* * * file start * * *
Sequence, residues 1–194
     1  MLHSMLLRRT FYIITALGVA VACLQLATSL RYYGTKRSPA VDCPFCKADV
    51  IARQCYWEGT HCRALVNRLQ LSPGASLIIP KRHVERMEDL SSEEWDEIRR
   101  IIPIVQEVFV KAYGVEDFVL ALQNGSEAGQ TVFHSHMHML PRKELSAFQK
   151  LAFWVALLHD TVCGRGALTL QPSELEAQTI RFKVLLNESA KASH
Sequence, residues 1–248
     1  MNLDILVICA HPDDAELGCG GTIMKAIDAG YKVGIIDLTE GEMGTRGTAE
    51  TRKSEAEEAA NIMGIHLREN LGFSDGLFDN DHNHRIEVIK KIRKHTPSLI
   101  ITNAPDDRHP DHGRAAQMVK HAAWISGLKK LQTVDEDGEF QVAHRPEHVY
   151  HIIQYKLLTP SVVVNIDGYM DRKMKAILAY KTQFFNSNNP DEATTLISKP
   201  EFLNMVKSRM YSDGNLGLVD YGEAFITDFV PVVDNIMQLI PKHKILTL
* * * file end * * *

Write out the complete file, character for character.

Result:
Sequence, residues 1–194
     1  MLHSMLLRRT FYIITALGVA VACLQLATSL RYYGTKRSPA VDCPFCKADV
    51  IARQCYWEGT HCRALVNRLQ LSPGASLIIP KRHVERMEDL SSEEWDEIRR
   101  IIPIVQEVFV KAYGVEDFVL ALQNGSEAGQ TVFHSHMHML PRKELSAFQK
   151  LAFWVALLHD TVCGRGALTL QPSELEAQTI RFKVLLNESA KASH
Sequence, residues 1–248
     1  MNLDILVICA HPDDAELGCG GTIMKAIDAG YKVGIIDLTE GEMGTRGTAE
    51  TRKSEAEEAA NIMGIHLREN LGFSDGLFDN DHNHRIEVIK KIRKHTPSLI
   101  ITNAPDDRHP DHGRAAQMVK HAAWISGLKK LQTVDEDGEF QVAHRPEHVY
   151  HIIQYKLLTP SVVVNIDGYM DRKMKAILAY KTQFFNSNNP DEATTLISKP
   201  EFLNMVKSRM YSDGNLGLVD YGEAFITDFV PVVDNIMQLI PKHKILTL